It’s hard to believe that anything that feels bad could be good for us. As kids, we learn quickly that falling down hurts. We associate punishment with hitting our siblings or talking back to our parents. We remember what it felt like when we ate too much candy, didn’t do our homework or spoke up when we were taught to close up. And as we became adults, those feelings lingered. When discomfort arose and challenges surmounted, instead of embracing them as opportunities we react by wanting to crawl under the covers and hide.
Yet, it may not always benefit us to do so.
The holidays do it to us. We’re filled with the fear and anticipation linked to familial obligation and high unrealistic expectations. And it’s understandable that instead of facing that lion, we’d rather avoid it. It’s the same with re-entering the dating scene or choosing to be mindful and loving towards ourselves and our loved ones. It’s easier to be bitter. It’s easier to give up. It’s easier to take our spouses for granted. But when we are conscious of the choices we have instead of feeling limited by them, we can grow into stronger, courageous beings, the kind of people we were always meant to be.
It’s a difficult choice initially. But when you think about the potential you have to change your life, the decision suddenly seems easy.
Hope these posts this week will nudge you in the direction that better serves you and your life.
(Healing Together for Couples) – A topic that deserves more attention than we give it-dating in midlife. This post reveals the reasons why it happens as well as discusses important considerations for those re-entering the dating scene.
(Neuroscience & Relationships) – It seems that love isn’t just good for your mental health, but also your physical health. It’s even more reason to work on increasing the love in your relationship. Here are twenty creative ways to do so.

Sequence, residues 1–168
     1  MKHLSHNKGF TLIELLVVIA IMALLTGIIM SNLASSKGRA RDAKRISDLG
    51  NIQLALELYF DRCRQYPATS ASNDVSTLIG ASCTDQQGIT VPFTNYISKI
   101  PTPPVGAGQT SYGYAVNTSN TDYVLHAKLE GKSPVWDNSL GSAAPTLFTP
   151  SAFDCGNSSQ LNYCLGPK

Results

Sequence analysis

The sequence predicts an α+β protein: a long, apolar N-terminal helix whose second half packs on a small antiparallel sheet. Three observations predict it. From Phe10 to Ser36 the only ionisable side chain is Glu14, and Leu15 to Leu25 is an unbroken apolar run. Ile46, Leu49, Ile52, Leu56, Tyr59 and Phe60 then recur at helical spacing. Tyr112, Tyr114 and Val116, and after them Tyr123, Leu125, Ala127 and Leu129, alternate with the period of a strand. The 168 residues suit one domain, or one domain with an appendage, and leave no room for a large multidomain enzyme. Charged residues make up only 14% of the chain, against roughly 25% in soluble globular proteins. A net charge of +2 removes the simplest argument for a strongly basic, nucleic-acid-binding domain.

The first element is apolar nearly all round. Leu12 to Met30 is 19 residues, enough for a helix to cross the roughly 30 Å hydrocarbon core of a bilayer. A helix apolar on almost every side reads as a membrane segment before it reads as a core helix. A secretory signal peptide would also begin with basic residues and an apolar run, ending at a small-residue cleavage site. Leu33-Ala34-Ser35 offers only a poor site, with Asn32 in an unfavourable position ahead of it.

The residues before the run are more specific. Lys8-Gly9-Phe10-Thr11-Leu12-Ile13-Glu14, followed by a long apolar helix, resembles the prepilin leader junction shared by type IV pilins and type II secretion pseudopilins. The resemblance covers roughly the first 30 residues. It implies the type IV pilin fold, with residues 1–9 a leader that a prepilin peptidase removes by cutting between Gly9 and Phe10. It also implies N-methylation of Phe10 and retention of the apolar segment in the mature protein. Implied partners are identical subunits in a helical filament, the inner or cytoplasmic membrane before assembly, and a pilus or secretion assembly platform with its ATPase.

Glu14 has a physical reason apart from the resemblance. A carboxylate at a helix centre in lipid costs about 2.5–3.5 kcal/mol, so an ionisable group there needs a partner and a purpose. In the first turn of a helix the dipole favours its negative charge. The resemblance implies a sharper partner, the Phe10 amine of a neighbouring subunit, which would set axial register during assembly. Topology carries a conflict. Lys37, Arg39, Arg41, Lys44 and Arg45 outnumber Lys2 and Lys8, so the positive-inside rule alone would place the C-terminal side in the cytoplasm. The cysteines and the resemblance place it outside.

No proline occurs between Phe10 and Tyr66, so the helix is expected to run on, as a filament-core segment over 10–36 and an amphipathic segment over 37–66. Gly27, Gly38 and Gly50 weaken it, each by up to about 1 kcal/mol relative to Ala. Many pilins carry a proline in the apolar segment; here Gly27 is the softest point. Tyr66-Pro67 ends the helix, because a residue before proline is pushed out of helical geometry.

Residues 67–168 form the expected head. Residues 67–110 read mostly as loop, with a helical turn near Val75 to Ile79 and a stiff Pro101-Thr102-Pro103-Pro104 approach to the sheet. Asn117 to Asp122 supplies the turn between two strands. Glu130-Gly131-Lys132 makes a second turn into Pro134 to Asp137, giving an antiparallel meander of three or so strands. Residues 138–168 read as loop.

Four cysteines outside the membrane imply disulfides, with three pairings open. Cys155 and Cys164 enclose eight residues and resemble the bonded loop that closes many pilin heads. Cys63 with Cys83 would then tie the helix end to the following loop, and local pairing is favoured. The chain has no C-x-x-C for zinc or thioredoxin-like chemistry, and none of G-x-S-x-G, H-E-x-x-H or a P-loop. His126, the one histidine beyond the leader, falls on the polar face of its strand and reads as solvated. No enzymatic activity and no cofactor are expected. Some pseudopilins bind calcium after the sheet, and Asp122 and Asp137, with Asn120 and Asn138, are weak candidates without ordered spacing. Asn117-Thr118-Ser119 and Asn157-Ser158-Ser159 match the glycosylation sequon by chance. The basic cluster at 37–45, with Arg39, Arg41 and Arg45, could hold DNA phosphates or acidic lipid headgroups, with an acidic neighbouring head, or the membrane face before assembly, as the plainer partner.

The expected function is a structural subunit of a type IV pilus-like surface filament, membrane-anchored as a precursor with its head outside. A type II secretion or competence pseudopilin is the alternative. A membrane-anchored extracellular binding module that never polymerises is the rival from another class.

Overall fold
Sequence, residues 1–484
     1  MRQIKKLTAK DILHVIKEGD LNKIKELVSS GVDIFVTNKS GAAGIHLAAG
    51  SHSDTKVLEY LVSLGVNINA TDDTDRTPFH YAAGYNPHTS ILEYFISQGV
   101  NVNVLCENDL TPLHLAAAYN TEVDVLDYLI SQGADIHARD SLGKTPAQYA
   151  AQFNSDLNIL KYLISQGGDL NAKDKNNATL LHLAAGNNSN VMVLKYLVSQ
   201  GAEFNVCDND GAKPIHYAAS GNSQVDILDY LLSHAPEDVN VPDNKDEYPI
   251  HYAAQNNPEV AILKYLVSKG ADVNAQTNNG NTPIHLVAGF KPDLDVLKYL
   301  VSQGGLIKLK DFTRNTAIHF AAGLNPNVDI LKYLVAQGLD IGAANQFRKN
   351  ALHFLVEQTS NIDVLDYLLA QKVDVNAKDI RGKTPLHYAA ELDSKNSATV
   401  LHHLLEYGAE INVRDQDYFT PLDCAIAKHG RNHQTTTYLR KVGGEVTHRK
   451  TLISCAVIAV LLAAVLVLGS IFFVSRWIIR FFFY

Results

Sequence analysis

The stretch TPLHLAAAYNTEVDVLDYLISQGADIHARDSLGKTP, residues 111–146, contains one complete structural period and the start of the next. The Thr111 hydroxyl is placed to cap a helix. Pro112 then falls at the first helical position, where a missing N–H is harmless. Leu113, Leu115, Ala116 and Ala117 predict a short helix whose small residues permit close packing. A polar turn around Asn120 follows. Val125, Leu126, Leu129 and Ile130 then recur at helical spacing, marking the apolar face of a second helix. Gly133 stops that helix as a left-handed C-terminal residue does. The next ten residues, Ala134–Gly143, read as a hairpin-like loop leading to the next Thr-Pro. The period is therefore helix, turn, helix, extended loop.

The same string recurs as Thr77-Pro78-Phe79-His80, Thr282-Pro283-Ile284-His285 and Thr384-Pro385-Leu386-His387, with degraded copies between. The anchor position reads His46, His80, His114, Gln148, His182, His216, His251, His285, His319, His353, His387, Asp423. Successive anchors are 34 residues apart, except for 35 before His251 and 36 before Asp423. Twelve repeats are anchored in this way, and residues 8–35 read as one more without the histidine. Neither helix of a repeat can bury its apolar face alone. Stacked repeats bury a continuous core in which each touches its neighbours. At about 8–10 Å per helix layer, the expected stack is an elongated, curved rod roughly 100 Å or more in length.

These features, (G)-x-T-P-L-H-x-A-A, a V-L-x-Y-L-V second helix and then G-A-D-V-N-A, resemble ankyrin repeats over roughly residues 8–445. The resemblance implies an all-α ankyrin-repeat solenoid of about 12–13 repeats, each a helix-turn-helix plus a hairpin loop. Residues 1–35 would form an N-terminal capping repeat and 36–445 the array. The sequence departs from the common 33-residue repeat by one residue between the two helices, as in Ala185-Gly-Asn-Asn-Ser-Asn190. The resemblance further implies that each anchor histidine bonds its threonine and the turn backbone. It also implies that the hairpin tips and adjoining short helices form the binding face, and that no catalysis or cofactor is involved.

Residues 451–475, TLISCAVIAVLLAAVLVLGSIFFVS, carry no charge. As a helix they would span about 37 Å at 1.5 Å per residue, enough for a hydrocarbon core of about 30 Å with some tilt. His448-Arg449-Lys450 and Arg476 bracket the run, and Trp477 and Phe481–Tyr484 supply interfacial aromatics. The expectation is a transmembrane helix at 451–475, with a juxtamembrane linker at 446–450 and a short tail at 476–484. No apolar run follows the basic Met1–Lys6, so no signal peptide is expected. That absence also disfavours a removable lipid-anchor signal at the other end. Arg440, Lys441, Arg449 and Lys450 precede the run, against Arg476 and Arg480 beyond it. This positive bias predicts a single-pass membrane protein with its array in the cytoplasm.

(Anxiety & OCD Exposed) – It’s easy to fall into stress of the season. If you’re finding yourself sliding into a feeling of overwhelm, read this. It’s eight tips to enjoy, relax and even find meaning this holiday.
(Dialectical Behavior Therapy Understood) – What you eat doesn’t just affect your physical health. It affects your mental health as well. Read what diet helps reduce the incidence of Alzheimer’s and Parkinson’s diseases and what can help prevent mood disorders such as depression and bipolar disorder.
(Real World Research) – Daydream much? Why this seemingly harmless activity can zap your energy and your happiness.
This post currently has
You can read the comments or leave your own thoughts.
Last reviewed: By John M. Grohol, Psy.D. on 6 Dec 2011
Published on PsychCentral.com. All rights reserved.
Uyemura, B. (2011). Best of Our Blogs: December 6, 2011. Psych Central. Retrieved on November 22, 2014, from http://psychcentral.com/blog/archives/2011/12/06/best-of-our-blogs-december-6-2011/